Westmoreland tax sale draws huge crowd, pulls in $1.08M
The South Greensburg rental home where Rich and Erin Paul have lived with their three young children for five years was up for sale Monday after its owner failed to pay property taxes.
The Pauls were among nearly 150 bidders who attended what Westmoreland County officials said was the largest public sale conducted in recent years to return tax-delinquent properties to the tax rolls.
“This is the third time it’s come up for a tax sale,” Rich Paul said. “We love the property, love the neighborhood and are now kind of worried about what happens next.”
The property’s current owner bought the home at a previous tax sale. The Pauls, who continue to pay rent to the homeowner, said they have been rebuffed in previous attempts to buy it after it once again fell into arrears for unpaid county, school and local taxes.
They were outbid at Monday’s tax sale, when the home sold for about $12,000.
“My intent is to contact whoever bought it and try to buy the house. It’s very disappointing,” Paul said.
The county conducts tax sales every September. This year, more than 600 properties were up for sale.
Tim Andrews, lawyer for the county’s tax office, said properties in arrears for at least two years were eligible for the sale, which was conducted via an auction process with the starting price listed as the amount of the taxes owed plus any additional liens and fees required to record new deeds.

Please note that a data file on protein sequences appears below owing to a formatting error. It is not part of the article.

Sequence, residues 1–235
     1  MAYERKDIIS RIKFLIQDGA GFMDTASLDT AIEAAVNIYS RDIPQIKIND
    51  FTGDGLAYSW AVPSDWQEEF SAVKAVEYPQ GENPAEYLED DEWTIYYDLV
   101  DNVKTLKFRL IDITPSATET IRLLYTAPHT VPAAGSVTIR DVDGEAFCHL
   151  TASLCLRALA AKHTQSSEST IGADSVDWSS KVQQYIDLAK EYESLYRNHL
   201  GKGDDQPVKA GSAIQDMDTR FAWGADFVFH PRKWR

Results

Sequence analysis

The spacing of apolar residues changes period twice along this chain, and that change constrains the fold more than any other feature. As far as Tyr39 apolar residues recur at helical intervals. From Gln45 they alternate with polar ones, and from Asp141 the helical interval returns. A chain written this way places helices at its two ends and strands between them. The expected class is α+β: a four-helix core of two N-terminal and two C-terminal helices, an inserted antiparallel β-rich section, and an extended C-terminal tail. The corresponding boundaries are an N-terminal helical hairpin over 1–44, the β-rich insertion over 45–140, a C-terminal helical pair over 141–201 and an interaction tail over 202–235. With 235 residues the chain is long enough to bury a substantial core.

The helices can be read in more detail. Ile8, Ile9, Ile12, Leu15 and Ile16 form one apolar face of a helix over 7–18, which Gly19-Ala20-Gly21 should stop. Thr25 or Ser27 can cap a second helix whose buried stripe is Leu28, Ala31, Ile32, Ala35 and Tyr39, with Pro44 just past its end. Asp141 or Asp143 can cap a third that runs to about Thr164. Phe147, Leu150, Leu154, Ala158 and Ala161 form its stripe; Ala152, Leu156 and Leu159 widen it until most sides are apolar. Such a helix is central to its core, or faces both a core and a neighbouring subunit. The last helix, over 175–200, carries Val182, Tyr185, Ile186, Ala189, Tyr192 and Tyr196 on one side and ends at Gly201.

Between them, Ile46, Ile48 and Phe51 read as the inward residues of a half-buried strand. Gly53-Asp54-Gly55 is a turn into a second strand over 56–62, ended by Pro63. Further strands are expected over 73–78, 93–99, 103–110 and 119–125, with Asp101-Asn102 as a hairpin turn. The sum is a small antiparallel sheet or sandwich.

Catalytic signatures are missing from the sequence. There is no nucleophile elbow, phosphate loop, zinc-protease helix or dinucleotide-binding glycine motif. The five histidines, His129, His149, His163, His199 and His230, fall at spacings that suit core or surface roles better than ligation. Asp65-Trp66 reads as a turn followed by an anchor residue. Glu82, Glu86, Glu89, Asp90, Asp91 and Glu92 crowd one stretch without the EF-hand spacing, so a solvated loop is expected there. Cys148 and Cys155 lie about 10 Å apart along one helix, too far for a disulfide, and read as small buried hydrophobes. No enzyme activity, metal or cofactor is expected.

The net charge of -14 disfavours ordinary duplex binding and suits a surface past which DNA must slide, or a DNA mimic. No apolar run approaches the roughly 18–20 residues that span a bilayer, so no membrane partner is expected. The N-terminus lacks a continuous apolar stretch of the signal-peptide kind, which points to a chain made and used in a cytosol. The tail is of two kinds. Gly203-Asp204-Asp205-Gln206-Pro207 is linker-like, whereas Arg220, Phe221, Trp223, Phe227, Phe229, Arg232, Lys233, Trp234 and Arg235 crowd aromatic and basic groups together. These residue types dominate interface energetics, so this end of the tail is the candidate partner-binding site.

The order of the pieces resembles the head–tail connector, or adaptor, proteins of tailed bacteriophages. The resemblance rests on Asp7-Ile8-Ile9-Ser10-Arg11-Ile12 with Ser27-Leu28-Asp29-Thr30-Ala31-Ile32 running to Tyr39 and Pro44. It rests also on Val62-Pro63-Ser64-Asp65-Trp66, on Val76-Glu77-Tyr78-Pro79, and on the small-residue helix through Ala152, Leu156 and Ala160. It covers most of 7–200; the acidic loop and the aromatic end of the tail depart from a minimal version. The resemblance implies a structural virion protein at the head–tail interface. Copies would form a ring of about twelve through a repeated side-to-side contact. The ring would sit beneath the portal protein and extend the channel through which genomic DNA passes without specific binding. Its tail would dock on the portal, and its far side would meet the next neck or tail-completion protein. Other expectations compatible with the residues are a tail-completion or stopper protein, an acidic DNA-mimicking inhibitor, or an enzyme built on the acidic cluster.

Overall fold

Most of Monday’s bidders were investors, real estate developers and others looking to scoop up cheap properties.
Deb Chiado, director of the county’s tax office, said 128 properties were purchased at the sale. Officials said the county made $1.08 million from this year’s tax sale, about twice the record amount it received a year ago.
Matt Dunleavy, an investor from Philadelphia, bought five properties Monday. Dunleavy said he paid about $100,000 for the properties, which he said will look to resell, rehabilitate or keep as an investment.
“This is as competitive as it gets. I’ve never seen it as it was today,” Dunleavy said.
Dunleavy was outbid for one property in Sewickley that sold for $75,000, the largest amount paid Monday for a tax-delinquent parcel.
Properties left unsold Monday can be subjected to private tax sales and could be listed in the future for a judicial sale in which all liens and other financial obligations are removed.
Rich Cholodofsky is a Tribune-Review staff writer. You can contact Rich at 724-830-6293, [email protected] or via Twitter .